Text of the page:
I believe that, if the primary question regarding the role of alliance building as an influence to the permissibility of Iran's development of
nuclear weapons, we need to take a look at a number of issues that may reflect on the viability of that argument.
Russian sentiment towards Islam
Although Iran is declared a Republic, it is, in fact, a theocracy, with the Supreme Leader, Grand Ayatollah Ali Khamenei, appointed for life as the
"Divine President". This calls into question Russia's current and prior relationships with Islamic countries, as to whether such an alliance is
likely. However, we can see that, from the invasion of Afghanistan in 1979, to the brutal crackdown in Chechnya, to the current persecution of Muslims
and Salafists in Tatarstan (Source
,) the Soviets and Russia have a long history of animosity towards
Islam, particularly emerging Islamic politicization.
Benefits of an Iranian/Russian alliance
Although the two are nominally allies already, there is little benefit to Russia in having Iran a closely held ally. The predominant resource of that
country, oil, is more in need by China than Russia, and there is already resource conflict between the two nations, as regards the Caspian Sea
.) Iran and Russia do, of course, have a shared distrust of Turkey, but it seems highly
unlikely that Russia would see nuclear weapons in the hands of the Iranians as being particularly useful in the containment of the Turks.
The close economic ties between Russia, China, the United States and European Union push those four groups in each other's direction, rather than
encouraging them to be pulled apart over matters such as this -- in other words, even with the oil resources of Iran in the mix, it is more
advantageous for China and Russia to eventually side with the west on denying Iran nuclear capabilities.
Previous Western experience in similar instances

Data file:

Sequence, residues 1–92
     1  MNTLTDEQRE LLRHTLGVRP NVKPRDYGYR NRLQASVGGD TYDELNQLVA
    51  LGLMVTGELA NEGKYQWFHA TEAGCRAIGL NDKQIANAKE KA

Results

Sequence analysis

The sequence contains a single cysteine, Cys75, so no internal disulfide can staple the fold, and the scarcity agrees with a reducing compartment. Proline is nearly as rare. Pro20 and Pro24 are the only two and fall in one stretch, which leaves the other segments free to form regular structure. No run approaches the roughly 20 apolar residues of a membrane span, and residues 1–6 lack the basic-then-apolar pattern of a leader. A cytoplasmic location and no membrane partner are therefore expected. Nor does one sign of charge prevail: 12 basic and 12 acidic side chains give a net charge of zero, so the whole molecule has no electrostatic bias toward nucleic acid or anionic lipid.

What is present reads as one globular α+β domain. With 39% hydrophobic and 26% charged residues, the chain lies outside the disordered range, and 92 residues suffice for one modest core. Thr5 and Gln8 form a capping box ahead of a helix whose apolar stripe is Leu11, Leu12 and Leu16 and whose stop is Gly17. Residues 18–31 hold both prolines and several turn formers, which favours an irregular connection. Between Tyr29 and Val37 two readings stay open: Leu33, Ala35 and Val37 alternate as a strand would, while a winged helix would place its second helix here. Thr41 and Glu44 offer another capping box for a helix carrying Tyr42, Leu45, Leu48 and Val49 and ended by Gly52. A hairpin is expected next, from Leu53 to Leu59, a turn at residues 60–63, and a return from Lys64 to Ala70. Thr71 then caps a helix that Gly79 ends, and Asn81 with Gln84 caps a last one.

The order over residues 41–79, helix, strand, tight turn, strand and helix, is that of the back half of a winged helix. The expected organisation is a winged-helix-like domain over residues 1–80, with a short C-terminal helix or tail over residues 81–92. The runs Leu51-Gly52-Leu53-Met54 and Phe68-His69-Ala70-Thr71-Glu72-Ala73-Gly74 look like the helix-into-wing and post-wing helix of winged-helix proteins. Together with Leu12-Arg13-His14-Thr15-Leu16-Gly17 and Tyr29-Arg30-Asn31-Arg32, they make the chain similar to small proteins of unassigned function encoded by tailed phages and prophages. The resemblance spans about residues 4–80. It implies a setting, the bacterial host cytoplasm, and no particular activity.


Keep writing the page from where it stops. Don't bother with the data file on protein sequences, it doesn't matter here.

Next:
Both the United States and the west, in general, have seen numerous instances where arming (or merely turning the other way while arms were being
built up,) pseudo allies has backfired in the past. One need only point to the Islamic Republic of Afghanistan, built out of the Mujahidin, for a
classic example of this error, but others exist, in El Savadore, Columbia, Indonesia, Cambodia, and other conflicts, where the side the west supported
turned out to be every bit as bad (or worse) than those in opposition.
I think it rather likely that current American operations within Pakistan (primarily through drone strikes) are as much about keeping the Islamic
insurgents of northwest Pakistan from getting a toehold in a country that has exploitable nuclear weapons as they are about keeping them out of
Afghanistan. Will that eventually backfire? Time will tell.
Potential risk of Iranian building nuclear weapons
As I noted in my previous post, the risks associated with ANY nation building nuclear arms are significant -- whether accidental use, terrorist
access, an unbalancing of regional powers, the prompting of other nations to build them, or many other risks. Meanwhile, the benefits, particularly to
a nation in the position of Iran, are very slim, primarily among them the prestige of "joining the nuclear table" and having some weight to throw
around. It seems highly unlikely that any nation would view that as a good thing, for them.
In short, it seems unlikely that it is in the best interests of anyone to permit Iran to develop nuclear weapons, in order to prevent them from
developing a closer relationship to Russia, China or any other ally.
As for both North Korea and India getting what is presented as a "free pass" on the subject, that is most definitely not the case. North Korea, for
example, was under economic sanctions from the international community since the 1990s, in an effort to stop their nuclear program. That said
sanctions failed to achieve the desired result does not bode well for continued reliance on them in the face of Iranian nuclear research. In 1998, in
an effort to "stand down" Indian/Pakistani nuclear conflict, the United State again imposed sanctions on India (later dropped.)
Finally, the international community has a vested interest in the promotion of security within the international community, so it is not an
overstepping of power for said community to require reasonable behaviour (including the honouring of signed international treaties) by all nations.
While nuclear weapon research is an internal state matter, the ramifications of its conclusion are not.